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FLASHBACK: San Jose Guayabal

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We left the the war torn hills of south eastern El Salvador to meet up with family of friends in a small town just outside of San Salvador, the capital city.  Mayte and Luis are the aunt and uncle of a former co-worker of mine back in my Henkel days.  Mayte is a professor of English at the University in the capital, and her husband Luis is a retired chemistry teacher.  They insisted that we meet them and stay the weekend in their country house in San Jose Guayabal, the town where Luis grew up.  As with any chance encounter with new friends we were unsure how well we would hit it off.  It didn’t take us long to quell any doubts when we discovered they fill their time at their country home playing pool, preparing big meals and taking long naps.

When we entered the courtyard of their home we were greeted by Mayte and Luis’ five children, Messi, Obama, Euro, Taliban, and Pecutrin all named after events that occurred on or around the days of their birth.  We were given a tour of their beautiful home, which is a continually growing.  Luis and Mayte built it themselves and are constantly making little additions.  It’s a beautiful space which includes no unnecessary amenities and relishes in the simplicity of a country home.  No TV but lots of hammocks, no washing machine but an 8 foot pool table, no hot water shower but a circulating fish tank with the sole purpose of ensuring the freshest food possible.  We had late dinners that lasted for hours and afternoon naps that lasted even longer.  Our time flew by and before we knew it we had to say our goodbyes.

Some of our drives along the coast or in the hills ofCentral Americahave taken us by some extravagant and beautiful vacation homes owned by expats.  This causes me to dream of some day being lucky enough to own a second home in some exotic local.  However I quickly remind myself of the beauty of the situation Mayte and Luis have created for themselves.  Their country home is a mere 45 minute drive from their apartment inSan Salvador, allowing them to spend nearly every weekend there.  They truly get to take advantage of the best of both worlds.  They enjoy the hustle and bustle of the city during the week and the calm of country living on the weekends. We felt extremely welcome in their home and it served as the perfect place to recharge.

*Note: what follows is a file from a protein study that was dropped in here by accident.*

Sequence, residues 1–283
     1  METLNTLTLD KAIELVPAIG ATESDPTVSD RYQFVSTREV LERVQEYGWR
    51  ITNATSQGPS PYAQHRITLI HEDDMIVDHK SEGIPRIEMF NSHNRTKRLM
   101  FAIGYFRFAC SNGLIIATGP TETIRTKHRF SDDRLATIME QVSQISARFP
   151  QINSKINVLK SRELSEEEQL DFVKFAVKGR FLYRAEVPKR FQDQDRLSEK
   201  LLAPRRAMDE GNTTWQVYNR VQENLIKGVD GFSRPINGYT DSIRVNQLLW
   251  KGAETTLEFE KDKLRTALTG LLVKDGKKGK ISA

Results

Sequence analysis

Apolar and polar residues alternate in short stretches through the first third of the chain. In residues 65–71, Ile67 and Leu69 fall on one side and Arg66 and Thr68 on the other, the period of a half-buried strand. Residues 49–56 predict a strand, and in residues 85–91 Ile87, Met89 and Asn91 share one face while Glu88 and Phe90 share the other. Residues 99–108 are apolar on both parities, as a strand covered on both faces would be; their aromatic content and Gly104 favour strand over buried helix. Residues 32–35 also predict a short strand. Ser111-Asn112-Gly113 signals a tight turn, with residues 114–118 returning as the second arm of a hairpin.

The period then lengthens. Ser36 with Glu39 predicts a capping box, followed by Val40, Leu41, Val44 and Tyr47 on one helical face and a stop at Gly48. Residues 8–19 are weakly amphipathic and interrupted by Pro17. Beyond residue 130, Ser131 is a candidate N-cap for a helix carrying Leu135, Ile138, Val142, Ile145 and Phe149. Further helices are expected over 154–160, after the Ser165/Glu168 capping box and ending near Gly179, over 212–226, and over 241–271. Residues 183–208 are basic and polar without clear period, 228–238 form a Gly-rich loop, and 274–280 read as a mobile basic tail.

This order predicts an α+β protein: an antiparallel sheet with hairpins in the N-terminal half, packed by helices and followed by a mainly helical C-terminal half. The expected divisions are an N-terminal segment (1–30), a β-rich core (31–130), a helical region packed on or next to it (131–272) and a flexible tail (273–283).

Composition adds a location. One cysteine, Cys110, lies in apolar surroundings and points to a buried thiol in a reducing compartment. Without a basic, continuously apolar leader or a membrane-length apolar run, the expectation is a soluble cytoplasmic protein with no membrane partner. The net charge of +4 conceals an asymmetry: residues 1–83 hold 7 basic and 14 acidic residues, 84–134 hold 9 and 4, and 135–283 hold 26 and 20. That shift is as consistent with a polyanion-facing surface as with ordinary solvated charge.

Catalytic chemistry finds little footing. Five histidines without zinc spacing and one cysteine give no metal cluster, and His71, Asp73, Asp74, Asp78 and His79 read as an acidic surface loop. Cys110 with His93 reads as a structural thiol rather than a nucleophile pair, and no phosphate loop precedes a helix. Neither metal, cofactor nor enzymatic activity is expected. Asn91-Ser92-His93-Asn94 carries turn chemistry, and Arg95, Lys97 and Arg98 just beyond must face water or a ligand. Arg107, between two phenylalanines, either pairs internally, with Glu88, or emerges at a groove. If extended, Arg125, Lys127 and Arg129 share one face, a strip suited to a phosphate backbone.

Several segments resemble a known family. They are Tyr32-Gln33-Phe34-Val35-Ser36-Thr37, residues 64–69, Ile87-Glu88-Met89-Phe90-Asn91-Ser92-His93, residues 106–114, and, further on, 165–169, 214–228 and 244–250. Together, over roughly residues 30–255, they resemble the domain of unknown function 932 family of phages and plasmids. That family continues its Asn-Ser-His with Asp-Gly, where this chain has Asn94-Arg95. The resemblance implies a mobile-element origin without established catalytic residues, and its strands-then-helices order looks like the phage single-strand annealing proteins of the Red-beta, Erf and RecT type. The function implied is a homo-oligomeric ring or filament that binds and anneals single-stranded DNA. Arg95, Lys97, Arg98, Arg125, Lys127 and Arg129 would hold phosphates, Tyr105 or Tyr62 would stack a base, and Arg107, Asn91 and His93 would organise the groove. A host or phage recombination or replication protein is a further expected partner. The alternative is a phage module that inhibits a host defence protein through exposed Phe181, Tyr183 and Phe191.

Our first lunch was a duck stew, awesome
Enough hammocks to sleep an army, they surrounded their terrace.
4 of their 5 children, all German shepards
Their outside garden was full of tropical fruit.  The heat made drying our laundry a sinch
Luis gave us a tour of the town he grew up in
A woman washing the dishes from her little food stand in town
This was his childhood home
A group shot before we left.
On our way out the four of us stopped at the small town of Suchitoto
A cool little town where we would check on a few things before a big picnic lunch
On the scale you can see the El Salvadorian's version of guns or butter, tortillas or bombs.
Another balancing act.  Practice, practice
A little pupuseria, what they call their little cafes.
A shot of us with Mayte at an overlook on the edge of town.
Luis and Mayte
We stopped by a small museum in town.
This piece was made completely out of denim
As we drove by we spotted Paula and Jeremy's van and invited them to lunch
More than enough for everyone
Making use of our tortilla napkin we got in Guatemala
Pesto, grilled chicken and tortillas.  The pesto was really frickin' good.
In this house we wish for a life free of violence against women.

About Anywhere That's Wild

Jill and Zach met as undergrads in 2003 and have been living in an amazing intentional community in Worcester, MA for the last several years. During this time, Zach worked as an engineer while Jill finished her graduate degree studying environmental policy and social entrepreneurship. When life afforded the perfect opportunity to leave their bondage days behind, they took it.This journey is a time to reconnect with nature and each other; to discover together the beauty of the natural world and its many cultures. We look forward to sharing our stories and photos with you.

Trip Start: 2013-06-30 Trip End: 2011-06-01 .

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